Well according to this, Baha'i is not tolerated. Thirty-one converts were told last year to "think about which religion they wanted to belong to, either Islam, like before, or another religion which was recognised by the government, because Bahai is not." "The Department of Religion (Depag) has also sent down an investigative team, says Muhammad Ramli in Palu, and they will have to decide whether Bahai is a sect within Islam. If so, then the converts, or their leaders, can likely be prosecuted for blasphemy." Link

Oddly, this bothers me more.

I've got a few conflicting thoughts.

1. I am a liberal in that I believe the state should not recognize an official religion. For one thing, and this is where I disagree with Treefrog's first point, it necessarily places the state in some form of role of defining religion. When England decides that the Anglican Church is the official state religion, it becomes the business of the state to make sure that L Ron Hubbard does not get to call his religion Anglican.

2. I recognize that many countries have official state religions, such as England, Argentina, Norway, Greece . . . That Indonesia recognizes six (Islam, Protestantism, Catholicism, Hinduism, Buddhism and Confucianism) is in that respect moderate.

3. The fact that a majority Islamic country recognizes Hinduism, Buddhism and Confucianism is a sign of moderation. There is no textual support in the Koran for legitimizing these religions; this is obviously a sign to pragmatism. But what about Judaism?

4. I also understand, but don't condone, the anger that arises when people purport to be of the same faith, but clearly believe different things.

5. The problem (and here I agree with Treefrog's second point) is what the state does to non-recognized religions. There is obviously a difference between being Catholic in England and Baha'i in Indonesia.

6. It does sound, however, like the thread from NRO to Jihad Watch is implying that it is the Ahmadiyya Movement's views on jihad that are central and are under attack. I don't think that's the case.

Oddly, this bothers me more.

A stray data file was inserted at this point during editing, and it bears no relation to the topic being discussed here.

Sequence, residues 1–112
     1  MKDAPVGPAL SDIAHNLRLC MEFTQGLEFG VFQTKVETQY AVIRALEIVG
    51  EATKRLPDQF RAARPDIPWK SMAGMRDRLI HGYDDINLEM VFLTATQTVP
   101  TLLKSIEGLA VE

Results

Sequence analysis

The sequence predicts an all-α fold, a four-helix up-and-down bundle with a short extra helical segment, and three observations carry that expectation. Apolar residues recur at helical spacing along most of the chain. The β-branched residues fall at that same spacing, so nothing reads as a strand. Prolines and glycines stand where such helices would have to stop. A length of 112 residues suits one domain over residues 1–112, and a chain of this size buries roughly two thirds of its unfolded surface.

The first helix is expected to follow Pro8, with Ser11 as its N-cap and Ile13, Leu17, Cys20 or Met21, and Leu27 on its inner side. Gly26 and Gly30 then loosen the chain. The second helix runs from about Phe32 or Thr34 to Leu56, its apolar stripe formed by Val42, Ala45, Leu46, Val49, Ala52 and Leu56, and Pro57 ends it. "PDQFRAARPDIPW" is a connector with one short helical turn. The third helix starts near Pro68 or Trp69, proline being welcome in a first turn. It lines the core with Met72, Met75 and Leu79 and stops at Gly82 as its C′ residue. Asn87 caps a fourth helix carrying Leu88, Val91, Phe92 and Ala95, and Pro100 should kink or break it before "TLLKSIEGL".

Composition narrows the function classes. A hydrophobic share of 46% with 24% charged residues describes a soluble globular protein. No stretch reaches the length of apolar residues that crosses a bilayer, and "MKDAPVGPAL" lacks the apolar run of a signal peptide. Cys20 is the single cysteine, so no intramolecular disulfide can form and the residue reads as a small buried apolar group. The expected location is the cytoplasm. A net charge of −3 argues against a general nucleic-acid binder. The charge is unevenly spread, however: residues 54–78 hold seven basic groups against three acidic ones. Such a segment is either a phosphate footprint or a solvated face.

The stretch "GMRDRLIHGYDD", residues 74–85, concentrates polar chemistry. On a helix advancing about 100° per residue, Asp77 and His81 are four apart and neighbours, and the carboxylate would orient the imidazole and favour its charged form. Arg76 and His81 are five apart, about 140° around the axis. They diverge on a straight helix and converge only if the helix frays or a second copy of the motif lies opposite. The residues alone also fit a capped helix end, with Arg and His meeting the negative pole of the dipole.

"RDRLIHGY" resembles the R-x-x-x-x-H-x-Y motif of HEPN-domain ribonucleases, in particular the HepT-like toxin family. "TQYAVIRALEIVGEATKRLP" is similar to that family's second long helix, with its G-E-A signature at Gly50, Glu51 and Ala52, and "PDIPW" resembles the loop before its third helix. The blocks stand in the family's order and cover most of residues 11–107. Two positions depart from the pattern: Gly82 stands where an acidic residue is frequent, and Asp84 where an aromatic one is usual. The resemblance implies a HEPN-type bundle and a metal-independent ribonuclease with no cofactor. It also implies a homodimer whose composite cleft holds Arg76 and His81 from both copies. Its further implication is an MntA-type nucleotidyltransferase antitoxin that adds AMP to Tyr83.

Shaw, me too, which is why I picked Baha'i as a touchstone. Imagine Unitarians being treated the same way by mainstream Christians. Right now, I mean.

On a positive note, at least the Indonesian government is not saying that if the Baha'i overtly exit Islam they are in secular anathema as apostates... and executed.

That's moderation of a sort.

Makes me wonder what Indonesia's position on agnostics or atheists is. Sorry to make others do the legwork. Thanks for your contributions.

I've been over to Indonesia twice. I cannot vaunt a deep knowledge of all things indonesian, but can only rely my impressions.

Jakarta and other major cities are I wouldn't say as open-minded as western ones, but come close. Rural areas are much more conservative - backward, even.

My understanding is one can get away with almost anything if it remains under the radar. Which is not great, but better than a system of active delators.

1. I am a liberal in that I believe the state should not recognize an official religion. For one thing, and this is where I disagree with Treefrog's first point, it necessarily places the state in some form of role of defining religion. When England decides that the Anglican Church is the official state religion, it becomes the business of the state to make sure that L Ron Hubbard does not get to call his religion Anglican.

I'll grant you this one, sorta. The difference is that state religions claim dominion over a specific national sect of a larger religion. England - Anglican, Norway - Church of Norway, Greece - Orthodox Greece, etc. They narrow the larger religious definition not define the larger.

Indonesia = ?

There is no Indonesian Islam. Indonesia is speaking for all of Islam here at the behest of the radicals.

My understanding is one can get away with almost anything if it remains under the radar. Which is not great, but better than a system of active delators.

One can apparently also get away with burning down mosques and persecuting their worshipers if they aren't authentic enough for you and not only do you not get cracked down on by the government, the government will formalize your persecution. This isn't open-minded behavior.

"One can apparently also get away with burning down mosques and persecuting their worshipers if they aren't authentic enough for you and not only do you not get cracked down on by the government, the government will formalize your persecution. This isn't open-minded behavior."

Churches and Christians as well.